June 25th, 2005


and now a little obsessive radio geeking

Everybody collects something.

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In compiling this list outta several file directories and whatnot, I noticed I've accumulated some duplicates. Not so bad. This collection exists due to the Mass Backwards show on WBAI. Max Schmid, the host of Mass Backwards, is a Shepherd nut, and he spends the last 45 minutes of his weekly show rebroadcasting a Shepherd episode. Then he puts the episode up on a rolling selection for download every week. It's great for people like me who just don't have the time, money or energy to track down reel-to-reel recordings and transfer 'em digitally or what have you. This also means my episodes aren't clean by any means -- I'm using 'clean' here in the audio sense, meaning my shows have extraneous chatter before and after.

Schmid sometimes also pops in during the episodes themselves, correcting Shep's station IDs ("Speaking of soreheads, this is WOR, AM and FM, New York..." "Actually, this is WBAI-FM, New York") to keep things legal. You can't misrepresent your station identification, so Max has to correct each WOR ID just in case some lunkhead tunes in just as Shep says "This is WOR" and now thinks "Oh hey, I'm listening to an FM radio station in New York that doesn't exist anymore!" (WOR-FM is now WRKS-FM, aka 98.7 KISS-FM. Which I am sure would be thrilled to play 45 minutes of Shepherd every night, uh huh.)

Max also one time had to make a disclaimer after a cigarette ad, mentioning that these shows are historical entertainment and that no commercial endorsement from WBAI should be inferred or implied. I think that's only happened on one or two of the shows I have. Most of the time, however, the "Light up a Kent, you've got a good thing going" jingle is left unfettered. Again, since I wouldn't have access to these wonderful recordings otherwise, I can put up with the chatter.

Most of these shows were during Shep's days at WOR, New York, though he went syndicated at some point in the 1970s and in some of those shows you get, before his rollicking Bahn Frei theme, a stenatorian announcer intoning "And now, Jean Shepherd, humorist..." or somesuch. Hmm. I thought I had his first syndicated show. I'll have to check the show database to see when that was. "Limelight" in the listings denotes a live show Jean recorded at the Limelight club in Greenwich Village. He used to do them nearly every Saturday. On many regular WOR shows he'll pitch his next Limelight show, urging everyone to "come on down and make the scene." And an "xx" means the day or month (or both!) of the recording is unknown.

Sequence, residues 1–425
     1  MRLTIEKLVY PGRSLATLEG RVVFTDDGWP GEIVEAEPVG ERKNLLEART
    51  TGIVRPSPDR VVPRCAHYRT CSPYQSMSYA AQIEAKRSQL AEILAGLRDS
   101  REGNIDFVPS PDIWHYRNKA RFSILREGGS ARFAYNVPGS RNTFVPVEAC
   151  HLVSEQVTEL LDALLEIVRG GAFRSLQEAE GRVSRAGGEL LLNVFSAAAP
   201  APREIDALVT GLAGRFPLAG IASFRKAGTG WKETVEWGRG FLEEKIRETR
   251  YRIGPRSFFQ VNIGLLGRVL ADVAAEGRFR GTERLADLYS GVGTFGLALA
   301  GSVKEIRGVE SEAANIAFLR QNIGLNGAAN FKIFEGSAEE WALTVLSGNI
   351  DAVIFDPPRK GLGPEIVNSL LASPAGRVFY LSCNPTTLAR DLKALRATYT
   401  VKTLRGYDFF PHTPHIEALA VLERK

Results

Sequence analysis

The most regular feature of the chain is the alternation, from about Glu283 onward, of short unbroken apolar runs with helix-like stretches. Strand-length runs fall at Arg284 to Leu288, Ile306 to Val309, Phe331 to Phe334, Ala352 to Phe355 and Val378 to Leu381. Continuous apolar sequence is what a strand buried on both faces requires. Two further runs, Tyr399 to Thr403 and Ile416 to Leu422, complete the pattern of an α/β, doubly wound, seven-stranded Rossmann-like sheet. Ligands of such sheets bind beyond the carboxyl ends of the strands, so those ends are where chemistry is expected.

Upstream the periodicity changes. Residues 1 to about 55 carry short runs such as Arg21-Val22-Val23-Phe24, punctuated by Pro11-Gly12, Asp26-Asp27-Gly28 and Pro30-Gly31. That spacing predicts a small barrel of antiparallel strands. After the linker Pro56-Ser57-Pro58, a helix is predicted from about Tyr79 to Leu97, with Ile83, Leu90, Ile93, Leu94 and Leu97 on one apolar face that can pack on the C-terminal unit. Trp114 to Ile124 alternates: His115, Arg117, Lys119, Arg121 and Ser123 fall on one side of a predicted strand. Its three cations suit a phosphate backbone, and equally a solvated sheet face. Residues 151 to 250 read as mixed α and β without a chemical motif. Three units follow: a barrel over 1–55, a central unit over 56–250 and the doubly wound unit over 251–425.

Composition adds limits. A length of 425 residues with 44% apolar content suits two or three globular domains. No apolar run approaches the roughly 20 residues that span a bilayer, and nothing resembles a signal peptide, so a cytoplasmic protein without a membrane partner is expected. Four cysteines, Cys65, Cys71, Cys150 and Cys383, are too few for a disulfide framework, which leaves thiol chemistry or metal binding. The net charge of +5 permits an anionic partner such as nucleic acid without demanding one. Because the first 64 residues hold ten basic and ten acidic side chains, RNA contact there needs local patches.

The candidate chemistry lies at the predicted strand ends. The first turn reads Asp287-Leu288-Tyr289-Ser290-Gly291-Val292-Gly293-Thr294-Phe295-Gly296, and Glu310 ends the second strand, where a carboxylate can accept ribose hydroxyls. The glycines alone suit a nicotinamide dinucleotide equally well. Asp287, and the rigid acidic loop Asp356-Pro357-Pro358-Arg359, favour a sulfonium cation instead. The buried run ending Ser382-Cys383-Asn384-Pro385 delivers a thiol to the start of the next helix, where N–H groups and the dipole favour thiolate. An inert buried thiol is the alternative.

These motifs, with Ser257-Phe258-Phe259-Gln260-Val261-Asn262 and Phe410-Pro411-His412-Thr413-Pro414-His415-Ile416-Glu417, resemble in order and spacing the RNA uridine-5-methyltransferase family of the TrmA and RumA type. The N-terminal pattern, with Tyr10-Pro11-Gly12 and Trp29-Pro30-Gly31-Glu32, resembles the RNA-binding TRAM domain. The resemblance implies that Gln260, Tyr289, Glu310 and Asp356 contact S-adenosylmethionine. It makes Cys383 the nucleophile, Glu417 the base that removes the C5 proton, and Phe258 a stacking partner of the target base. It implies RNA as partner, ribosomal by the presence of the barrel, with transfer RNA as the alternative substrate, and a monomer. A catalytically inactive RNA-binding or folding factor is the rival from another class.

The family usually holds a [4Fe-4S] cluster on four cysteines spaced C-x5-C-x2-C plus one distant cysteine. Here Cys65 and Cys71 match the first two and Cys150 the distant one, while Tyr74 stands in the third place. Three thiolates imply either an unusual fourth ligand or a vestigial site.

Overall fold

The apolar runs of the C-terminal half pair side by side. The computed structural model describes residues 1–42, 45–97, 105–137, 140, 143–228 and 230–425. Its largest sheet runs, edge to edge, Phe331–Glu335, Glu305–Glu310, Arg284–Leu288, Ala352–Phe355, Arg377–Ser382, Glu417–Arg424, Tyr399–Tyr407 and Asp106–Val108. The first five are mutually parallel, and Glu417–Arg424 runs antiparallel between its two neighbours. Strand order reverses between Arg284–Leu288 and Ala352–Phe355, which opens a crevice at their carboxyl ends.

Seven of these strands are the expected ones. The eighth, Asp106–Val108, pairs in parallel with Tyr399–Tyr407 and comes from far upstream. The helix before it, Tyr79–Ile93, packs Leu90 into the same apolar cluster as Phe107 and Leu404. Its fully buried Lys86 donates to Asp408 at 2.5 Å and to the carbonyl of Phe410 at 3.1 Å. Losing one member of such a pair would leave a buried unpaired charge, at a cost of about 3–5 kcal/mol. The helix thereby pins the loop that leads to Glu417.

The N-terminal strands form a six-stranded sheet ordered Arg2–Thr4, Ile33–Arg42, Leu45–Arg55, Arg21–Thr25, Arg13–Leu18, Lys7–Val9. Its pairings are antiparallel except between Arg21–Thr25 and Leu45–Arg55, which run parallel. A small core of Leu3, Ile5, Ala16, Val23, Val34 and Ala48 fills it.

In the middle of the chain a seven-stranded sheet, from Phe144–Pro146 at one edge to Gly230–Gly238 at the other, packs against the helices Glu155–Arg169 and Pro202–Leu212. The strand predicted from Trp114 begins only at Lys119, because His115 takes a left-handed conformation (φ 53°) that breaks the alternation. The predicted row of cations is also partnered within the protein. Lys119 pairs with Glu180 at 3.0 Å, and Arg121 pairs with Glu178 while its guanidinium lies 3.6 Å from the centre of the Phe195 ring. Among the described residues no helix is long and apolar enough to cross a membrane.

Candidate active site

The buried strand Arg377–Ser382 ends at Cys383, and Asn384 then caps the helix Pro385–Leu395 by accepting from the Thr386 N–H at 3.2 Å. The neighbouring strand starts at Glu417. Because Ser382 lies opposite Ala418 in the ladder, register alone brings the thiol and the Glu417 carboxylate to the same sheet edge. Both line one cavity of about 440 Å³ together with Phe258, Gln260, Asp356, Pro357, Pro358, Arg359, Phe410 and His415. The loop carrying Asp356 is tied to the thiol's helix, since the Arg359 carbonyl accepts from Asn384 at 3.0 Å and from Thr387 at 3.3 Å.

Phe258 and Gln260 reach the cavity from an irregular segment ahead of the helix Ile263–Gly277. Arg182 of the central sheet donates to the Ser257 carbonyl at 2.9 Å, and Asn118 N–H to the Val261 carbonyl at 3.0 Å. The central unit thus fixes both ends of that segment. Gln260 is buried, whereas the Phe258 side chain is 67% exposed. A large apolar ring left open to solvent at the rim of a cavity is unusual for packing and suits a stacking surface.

Audio quality ranges from spectacular to horrible; the only reason these recordings exist today is because of fans taping the nightly show right off the radio. Most of the recordings came from people in New York listening to WOR, so the reception is clear and everything's good. Some syndicated shows came from a fan in Florida, and there's AM echoes and bleeding and garbling and what have you. Sometimes it's fun to turn off the lights and pretend you're listening in on the AM ether, but most of the time I'd like to hear a, you know, clear copy. You can also hear the cassette squeaking in at least one show.

You can see here that Shep liked telling stories. He liked repeating some of his more famous stories, and the Ludlow Kissel story (feeble-minded neighbor meets gigantic firecracker) came back almost every Fourth of July. I can't fault him for recycling any topics, really, as the stuff I have spans 17 years of his radio career. Naturally you're going to come back to some old chestnuts every now and then. What is interesting is to see what changes with each retelling.

And, of course, every collector has one strange or curious wish, and mine is to listen to the Jean Shepherd show that he did the day I was born. According to the show database at Flick Lives, it's got something to do with Andy Capp.